Cannabis is a booming industry in the United States. As regulations have been changing, cash businesses are struggling to adapt and digital payment options have yet to be established. These changes could create opportunities for not only cannabis-based companies but other industries as well that want a solution for their cash management concerns.
As the cannabis industry continues to grow in Canada, many companies are looking for new and innovative ways to keep up with demand. One such solution is accepting cash payments which has been a longstanding option for businesses that operate within the legal grey zone of this rapidly changing market. However, not all providers offer true payment flexibility due to their business model or lack thereof.
Cannabis companies are not used to dealing with traditional financial institutions. They have been forced to find new ways of managing cash flow and payments, but the options are limited.
The majority of today’s companies get the bulk of their revenue from electronic payment transactions. Most contemporary companies would collapse if they only accepted cash payments.
It’s no different in the cannabis business. Due of tight restrictions, cannabis companies, from shops to farms, had to operate exclusively on cash transactions until recently. Alternative payment methods have begun to become available as the business grows, allowing it to deal with its federal illegality.
The drawbacks of operating a cash-only company
One of the first things you should create when establishing a cannabis company is a cannabis-friendly bank account.
Without one, you’re more likely to fall into the trap of just accepting cash or risk having your bank account closed, which is a recipe for catastrophe (but unfortunately the standard at this stage in the industry’s development).
Running a cash-only company comes with a slew of issues:
Massive threat to security
Storing cash on your premises exposes you to external and internal theft. Making cash deposits on your own or with the help of an employee necessitates transporting big amounts of money, which poses a significant security risk.
You’ll need to employ additional security, install cameras and a metal detector, and engage an armored vehicle service to transfer your money if you don’t have a safe location to keep them. All of these additional expenditures add up to a significant increase in your starting costs and overhead.
Sales and cart size have decreased.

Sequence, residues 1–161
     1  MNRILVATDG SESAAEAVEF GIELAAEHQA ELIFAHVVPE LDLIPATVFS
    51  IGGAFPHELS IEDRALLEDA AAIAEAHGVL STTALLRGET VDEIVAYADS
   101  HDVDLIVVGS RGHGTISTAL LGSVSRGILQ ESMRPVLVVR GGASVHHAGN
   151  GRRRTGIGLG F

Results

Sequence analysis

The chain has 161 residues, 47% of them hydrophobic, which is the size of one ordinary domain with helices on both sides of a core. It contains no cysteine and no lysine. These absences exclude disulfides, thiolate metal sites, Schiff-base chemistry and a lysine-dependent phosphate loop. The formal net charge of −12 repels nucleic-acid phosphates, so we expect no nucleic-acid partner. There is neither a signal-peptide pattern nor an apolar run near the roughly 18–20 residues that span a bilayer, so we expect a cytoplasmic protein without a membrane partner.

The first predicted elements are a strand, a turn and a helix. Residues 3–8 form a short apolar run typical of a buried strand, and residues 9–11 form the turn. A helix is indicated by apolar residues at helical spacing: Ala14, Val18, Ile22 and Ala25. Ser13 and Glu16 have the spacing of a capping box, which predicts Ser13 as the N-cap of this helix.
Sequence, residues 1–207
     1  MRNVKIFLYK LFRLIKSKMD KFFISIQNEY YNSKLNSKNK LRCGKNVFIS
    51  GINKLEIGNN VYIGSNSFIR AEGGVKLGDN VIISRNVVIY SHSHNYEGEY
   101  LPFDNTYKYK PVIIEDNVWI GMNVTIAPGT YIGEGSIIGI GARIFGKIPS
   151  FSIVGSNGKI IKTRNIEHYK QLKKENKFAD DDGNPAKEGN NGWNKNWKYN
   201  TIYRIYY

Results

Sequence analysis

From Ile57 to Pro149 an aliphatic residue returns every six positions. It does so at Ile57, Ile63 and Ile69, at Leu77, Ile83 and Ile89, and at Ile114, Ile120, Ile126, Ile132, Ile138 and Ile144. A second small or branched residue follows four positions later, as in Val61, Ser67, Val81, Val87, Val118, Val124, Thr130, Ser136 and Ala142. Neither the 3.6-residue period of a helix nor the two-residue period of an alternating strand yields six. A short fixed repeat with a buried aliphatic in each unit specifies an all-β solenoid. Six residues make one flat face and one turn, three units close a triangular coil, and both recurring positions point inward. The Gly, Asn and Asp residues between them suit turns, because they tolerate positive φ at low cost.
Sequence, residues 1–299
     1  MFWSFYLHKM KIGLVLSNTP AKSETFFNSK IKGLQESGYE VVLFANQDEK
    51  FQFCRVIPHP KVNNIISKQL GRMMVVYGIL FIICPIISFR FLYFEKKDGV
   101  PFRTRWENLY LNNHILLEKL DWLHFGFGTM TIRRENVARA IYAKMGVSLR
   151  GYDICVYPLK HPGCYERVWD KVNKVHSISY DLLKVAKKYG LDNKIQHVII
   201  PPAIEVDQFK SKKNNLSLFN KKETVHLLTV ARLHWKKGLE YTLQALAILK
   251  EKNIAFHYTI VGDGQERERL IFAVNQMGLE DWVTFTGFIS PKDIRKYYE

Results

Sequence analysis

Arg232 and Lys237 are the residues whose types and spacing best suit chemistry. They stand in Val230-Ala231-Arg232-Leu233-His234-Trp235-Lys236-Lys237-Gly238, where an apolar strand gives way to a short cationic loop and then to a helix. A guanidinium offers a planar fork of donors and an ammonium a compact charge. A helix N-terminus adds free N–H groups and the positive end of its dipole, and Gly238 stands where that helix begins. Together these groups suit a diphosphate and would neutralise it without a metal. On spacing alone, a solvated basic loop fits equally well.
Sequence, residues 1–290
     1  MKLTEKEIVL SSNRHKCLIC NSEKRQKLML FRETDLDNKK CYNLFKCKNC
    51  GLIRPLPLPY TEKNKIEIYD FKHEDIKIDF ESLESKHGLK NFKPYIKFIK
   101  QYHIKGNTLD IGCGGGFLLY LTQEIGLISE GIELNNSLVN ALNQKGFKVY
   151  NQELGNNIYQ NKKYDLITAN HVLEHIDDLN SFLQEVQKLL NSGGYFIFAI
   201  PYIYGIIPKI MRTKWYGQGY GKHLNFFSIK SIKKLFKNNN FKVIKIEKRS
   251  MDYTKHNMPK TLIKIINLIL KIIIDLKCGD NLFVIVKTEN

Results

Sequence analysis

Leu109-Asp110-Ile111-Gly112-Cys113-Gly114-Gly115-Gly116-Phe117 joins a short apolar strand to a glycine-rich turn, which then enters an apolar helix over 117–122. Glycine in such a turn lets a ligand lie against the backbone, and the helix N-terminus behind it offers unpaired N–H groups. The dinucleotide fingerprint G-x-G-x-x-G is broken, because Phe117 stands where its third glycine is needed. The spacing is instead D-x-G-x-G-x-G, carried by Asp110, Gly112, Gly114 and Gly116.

When customers shop, they expect to be able to use electronic payment methods. While some consumers may choose to pay the ATM charge, many will choose to exclusively buy at cannabis stores that accept electronic payments.
Because consumers aren’t restricted to the cash in their wallets when using electronic payment, you’ll be able to upsell much more at the time of sale. Offering an electronic payment option has been proven in studies to boost average cart size by 22 to 54 percent.
While paying local workers with cash envelopes is easy, paying suppliers or distant employees presents significant challenges.
You can’t use checks or debit cards if you don’t have somewhere to bank your money (which is frequent), so you’ll have to rely on sending cash, money orders, or driving great distances to pay by hand. Everything becomes more difficult when you just accept cash.
Bank accounts that are cannabis-friendly are a part of the answer.
It’s easier said than done to open a cannabis-friendly bank account. Due to federal prohibition, banks have a difficult time working in the cannabis business, which is exactly what Congress is attempting to address with the new SAFE Banking Act.
Fears about federal banks and money laundering
Because cannabis is still classified as a Schedule I drug on the federal level, federal banks will simply turn you away if they learn you’re involved with it. Any deposits made with cannabis profits may be considered money laundering.
Statewide banks and credit unions are a possibility, but they aren’t ideal.
The only other option for cannabis merchants is to appeal to statewide banks and credit unions, but the possibilities differ per state. With increasing success, certain businesses, like as Zodaka, have built networks devoted to connecting merchants with compliant cannabis banks.
Before these services, it was typical for a cannabis company to go through a dozen or more bank accounts before finding one that worked. Finding a solid bank account for cannabis money is now pretty simple—just expect to pay rather hefty fees with each deposit.
Other marijuana-related revenue management options
So, let’s suppose you’ve completed all of the licensing requirements, set up your cannabis-friendly bank account, and are finally ready to go. You suddenly recall that operating a cash-only cannabis company is risky, logistically challenging, and unsustainable.
What do you do if you need an electronic service but don’t know where to look? It’s very tough to make a decision since, until recently, each digital cannabis payment system has its own set of issues (legally and otherwise).
Here’s a quick overview of what solutions look like (along with their benefits and drawbacks):